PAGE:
'Mature' Mourinho makes friends in bid to influence people

Posted by Phil Lythell

The conference room at Stamford Bridge was packed with more than 250 journalists from the worlds of television, newspaper and online by the time Jose Mourinho sauntered back in to the Premier League limelight on Monday.

It was an impressive number considering the large amount of negative articles written by many of those same journalists about the Portuguese in the days since his re-instatement as Chelsea manager was confirmed last week. Some have have suggested that his return to West London was a backward step or, at the very least, a sideways one. Others have gone as far as claiming that he has been a failure and might have shot his bolt, a quite extraordinary assertion. Mourinho might have fallen a little short of expectations at Real Madrid but only because the benchmark he has set for himself is so ludicrously high.

-Mou promises calmer second spell
-Palmer: The Abramovich Years
-Brewin: Back at the Bridge
-Mourinho in quotes

Still, despite an hour in front of the cameras, nobody in attendance posited any of those opinions in any of the multitude of questions, suggesting that mischief-making, headline-grabbing and weblink-clicking had been the chief motivation behind such claims.

With little in the way of provocative interrogation, Mourinho was all sweetness and light, perhaps even a little boring. There were none of the verbal controversies that perpetually punctuated his time in Spain and scored several scars upon his rivals in his previous stint on these shores. Instead, he was keen to make friends, no doubt with the intent of influencing people a little later down the line.

There was talk of 'maturity' and of a manager who has evolved and grown wiser with the passage of time. It was this persona that Mourinho was keen to convey, a kind of youthful sage, a man who has experienced it all yet still has years ahead of him in this game. A man ready to conquer England for a second time, though one that was not going to brag about it ahead of time.

If 'maturity' was the image he wished to radiate, 'stability' was the message he wished to emit. It was mentioned on several occasions as he sought to persuade everyone that he was committed to the long-term prosperity of Chelsea Football Club. There were no bold promises, nothing that anyone could call him up on at a future date, whether by a journalist or his employers. Mourinho preferred to focus on immediate objectives and building a club that could be successful for years to come.

He didn't promise any trophies, and he didn't name a date upon which Chelsea might win the league. He merely stated his desire to progress and improve the players along with the team's results.

Of course, the ambition and ego that drives this man guarantees he will be seeking to win every single competition he enters, he was simply determined not to give anyone any rope that they could later use to hang him with. Proof, perhaps, of his stated maturity.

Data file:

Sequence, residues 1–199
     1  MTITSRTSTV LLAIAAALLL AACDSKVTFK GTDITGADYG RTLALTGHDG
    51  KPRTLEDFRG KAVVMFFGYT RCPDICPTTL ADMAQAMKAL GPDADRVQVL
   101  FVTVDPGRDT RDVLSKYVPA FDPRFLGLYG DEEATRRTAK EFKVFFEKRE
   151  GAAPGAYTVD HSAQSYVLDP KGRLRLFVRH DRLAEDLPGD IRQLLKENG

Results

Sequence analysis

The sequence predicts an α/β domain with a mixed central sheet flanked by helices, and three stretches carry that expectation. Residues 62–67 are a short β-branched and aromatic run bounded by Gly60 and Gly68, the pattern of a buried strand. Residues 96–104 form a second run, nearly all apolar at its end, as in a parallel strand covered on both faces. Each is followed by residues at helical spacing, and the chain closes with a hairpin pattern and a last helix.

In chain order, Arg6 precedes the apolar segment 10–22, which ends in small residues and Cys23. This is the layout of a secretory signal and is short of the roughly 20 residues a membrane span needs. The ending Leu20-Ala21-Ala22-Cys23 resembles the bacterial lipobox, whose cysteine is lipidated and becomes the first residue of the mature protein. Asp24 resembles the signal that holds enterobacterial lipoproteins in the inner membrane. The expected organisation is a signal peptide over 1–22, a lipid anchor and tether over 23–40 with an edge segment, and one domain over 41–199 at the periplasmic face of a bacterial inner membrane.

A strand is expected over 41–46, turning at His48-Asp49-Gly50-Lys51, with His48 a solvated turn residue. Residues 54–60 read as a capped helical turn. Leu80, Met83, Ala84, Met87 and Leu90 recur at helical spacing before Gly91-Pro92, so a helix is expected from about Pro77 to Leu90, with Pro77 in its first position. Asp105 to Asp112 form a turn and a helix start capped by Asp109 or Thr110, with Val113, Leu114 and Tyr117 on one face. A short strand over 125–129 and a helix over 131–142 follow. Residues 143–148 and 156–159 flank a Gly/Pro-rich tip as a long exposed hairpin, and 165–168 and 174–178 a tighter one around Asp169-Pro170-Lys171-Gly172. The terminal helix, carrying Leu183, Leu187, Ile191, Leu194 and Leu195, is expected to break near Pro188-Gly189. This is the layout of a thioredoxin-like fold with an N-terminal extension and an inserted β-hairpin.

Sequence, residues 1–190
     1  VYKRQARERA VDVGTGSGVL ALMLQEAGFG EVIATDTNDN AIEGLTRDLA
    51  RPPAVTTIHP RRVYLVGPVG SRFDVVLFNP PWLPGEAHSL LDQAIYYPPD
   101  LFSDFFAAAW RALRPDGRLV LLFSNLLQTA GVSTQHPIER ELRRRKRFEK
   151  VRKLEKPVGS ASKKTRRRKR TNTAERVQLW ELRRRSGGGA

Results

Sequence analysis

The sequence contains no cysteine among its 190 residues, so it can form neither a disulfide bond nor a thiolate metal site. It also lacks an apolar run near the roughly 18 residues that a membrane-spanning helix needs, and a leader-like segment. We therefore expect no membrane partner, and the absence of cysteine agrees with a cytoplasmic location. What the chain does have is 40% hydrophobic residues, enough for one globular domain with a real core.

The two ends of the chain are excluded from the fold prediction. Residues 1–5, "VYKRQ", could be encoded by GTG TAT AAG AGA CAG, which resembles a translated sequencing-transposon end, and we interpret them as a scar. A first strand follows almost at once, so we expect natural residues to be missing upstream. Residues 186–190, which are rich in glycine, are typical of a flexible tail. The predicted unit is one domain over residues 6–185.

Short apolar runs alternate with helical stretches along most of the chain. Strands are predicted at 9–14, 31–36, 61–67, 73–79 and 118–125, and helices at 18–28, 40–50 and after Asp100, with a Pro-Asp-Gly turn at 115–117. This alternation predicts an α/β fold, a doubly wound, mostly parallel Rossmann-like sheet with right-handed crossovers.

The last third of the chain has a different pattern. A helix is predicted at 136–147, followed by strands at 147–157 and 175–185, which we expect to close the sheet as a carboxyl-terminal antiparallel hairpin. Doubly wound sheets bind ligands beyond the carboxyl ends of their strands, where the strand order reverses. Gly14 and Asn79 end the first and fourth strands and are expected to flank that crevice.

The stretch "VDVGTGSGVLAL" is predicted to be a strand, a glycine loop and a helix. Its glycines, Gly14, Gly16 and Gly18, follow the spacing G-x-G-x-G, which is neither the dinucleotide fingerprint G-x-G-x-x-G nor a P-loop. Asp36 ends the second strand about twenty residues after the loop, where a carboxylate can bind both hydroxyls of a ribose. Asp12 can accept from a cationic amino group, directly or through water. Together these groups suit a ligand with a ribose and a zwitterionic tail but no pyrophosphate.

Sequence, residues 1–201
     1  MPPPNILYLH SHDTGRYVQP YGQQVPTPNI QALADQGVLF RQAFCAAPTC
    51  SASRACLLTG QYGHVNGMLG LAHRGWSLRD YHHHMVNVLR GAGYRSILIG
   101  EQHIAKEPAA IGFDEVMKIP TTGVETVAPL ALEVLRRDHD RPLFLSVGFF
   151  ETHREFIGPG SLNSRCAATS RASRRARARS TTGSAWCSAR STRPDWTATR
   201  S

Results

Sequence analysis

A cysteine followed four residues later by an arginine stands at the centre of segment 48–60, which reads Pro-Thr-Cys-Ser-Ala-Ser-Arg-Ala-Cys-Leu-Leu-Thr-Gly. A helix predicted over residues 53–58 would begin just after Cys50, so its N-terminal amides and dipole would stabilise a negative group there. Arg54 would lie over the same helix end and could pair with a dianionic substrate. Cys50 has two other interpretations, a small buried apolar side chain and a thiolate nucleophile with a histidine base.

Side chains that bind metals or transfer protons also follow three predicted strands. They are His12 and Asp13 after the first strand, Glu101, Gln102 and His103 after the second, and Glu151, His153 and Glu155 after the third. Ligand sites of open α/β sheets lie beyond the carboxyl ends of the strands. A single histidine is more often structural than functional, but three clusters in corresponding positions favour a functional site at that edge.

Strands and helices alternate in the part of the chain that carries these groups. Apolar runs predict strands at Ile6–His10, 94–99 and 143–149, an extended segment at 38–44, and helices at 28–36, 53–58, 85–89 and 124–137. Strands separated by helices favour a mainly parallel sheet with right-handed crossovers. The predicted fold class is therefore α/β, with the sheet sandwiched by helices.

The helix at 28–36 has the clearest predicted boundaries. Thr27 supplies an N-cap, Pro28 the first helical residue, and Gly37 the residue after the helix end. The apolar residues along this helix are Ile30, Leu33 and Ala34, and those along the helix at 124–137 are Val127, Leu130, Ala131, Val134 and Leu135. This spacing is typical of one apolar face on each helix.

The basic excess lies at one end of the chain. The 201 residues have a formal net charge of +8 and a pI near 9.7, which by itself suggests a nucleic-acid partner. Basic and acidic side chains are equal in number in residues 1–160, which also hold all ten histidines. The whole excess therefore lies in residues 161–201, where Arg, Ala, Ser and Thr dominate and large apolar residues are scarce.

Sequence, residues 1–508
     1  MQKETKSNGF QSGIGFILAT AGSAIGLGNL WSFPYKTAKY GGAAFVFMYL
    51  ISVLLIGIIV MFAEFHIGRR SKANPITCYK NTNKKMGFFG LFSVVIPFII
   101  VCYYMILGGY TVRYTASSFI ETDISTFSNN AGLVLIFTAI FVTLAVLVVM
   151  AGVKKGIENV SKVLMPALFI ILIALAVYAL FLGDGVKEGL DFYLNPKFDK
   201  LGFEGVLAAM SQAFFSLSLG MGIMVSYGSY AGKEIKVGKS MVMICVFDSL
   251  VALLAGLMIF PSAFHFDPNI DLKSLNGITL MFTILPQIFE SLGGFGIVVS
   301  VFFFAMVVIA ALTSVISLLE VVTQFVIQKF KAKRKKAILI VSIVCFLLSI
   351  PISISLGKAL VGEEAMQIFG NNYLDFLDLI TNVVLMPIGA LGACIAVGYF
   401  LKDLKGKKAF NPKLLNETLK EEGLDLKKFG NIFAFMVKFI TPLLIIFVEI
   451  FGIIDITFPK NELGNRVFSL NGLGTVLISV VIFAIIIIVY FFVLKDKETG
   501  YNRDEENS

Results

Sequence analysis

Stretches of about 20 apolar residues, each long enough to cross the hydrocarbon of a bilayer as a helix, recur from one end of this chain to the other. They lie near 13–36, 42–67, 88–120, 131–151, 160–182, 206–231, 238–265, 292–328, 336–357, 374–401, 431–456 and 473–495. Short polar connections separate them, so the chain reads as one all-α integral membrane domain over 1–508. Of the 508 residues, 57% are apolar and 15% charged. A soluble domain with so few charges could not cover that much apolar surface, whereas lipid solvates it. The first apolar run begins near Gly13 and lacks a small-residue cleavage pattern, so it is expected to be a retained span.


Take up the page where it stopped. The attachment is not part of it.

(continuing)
In addition to to managing expectations and massaging the attending journalists, Mourinho was also keen to get off on a good foot with his rivals. He had kind words to say about his former proteges Andre Villas-Boas, Steve Clarke and Brendan Rodgers, and even extended his civility to Arsene Wenger saying he was happy that the Frenchman was still in charge at Arsenal and praising the Gunners' board for sticking with him despite their recent lack of silverware.

While some might be scurrilous enough to interpret that as a sly dig at his old adversary, it actually appeared to be a subtle message toward his new employers for them to overcome their notorious impatience and invest in creating a solid foundation with Mourinho at the helm.

The only time the 'Happy One' -- a term he coined himself following the opening (and most predictable) question when asked about his 'special' status -- seemed to have his feathers ruffled was when he was quizzed about Andres Iniesta's claims that he had damaged Spanish football. Flashes of the familiar, brusque, abrasive Mourinho returned. Real Madrid had broken Barcelona's dominance, he said, and their players were hurting as a result. The antipathy with the Catalans clearly remains and should Chelsea meet them in the Champions League next season there are sure to be fireworks once more, though until then the suggestion is that he will be trying to keep his powder dry.

Roman Abramovich is understood to have grown weary of Mourinho's confrontational posture and the damage wrought on the club's positive image in his first spell, and this charm offensive could well have come at the request of the Russian owner. If so, he passed with flying colours, even if there were few of the trademark soundbites to which the watching world has become so accustomed.

It was controlled and understated, yet confident. It seems he will be letting his players do the talking for him on the pitch. Well, for the time being at least.

Follow Phil Lythell on Twitter @PhilLythell

ESPN Conversations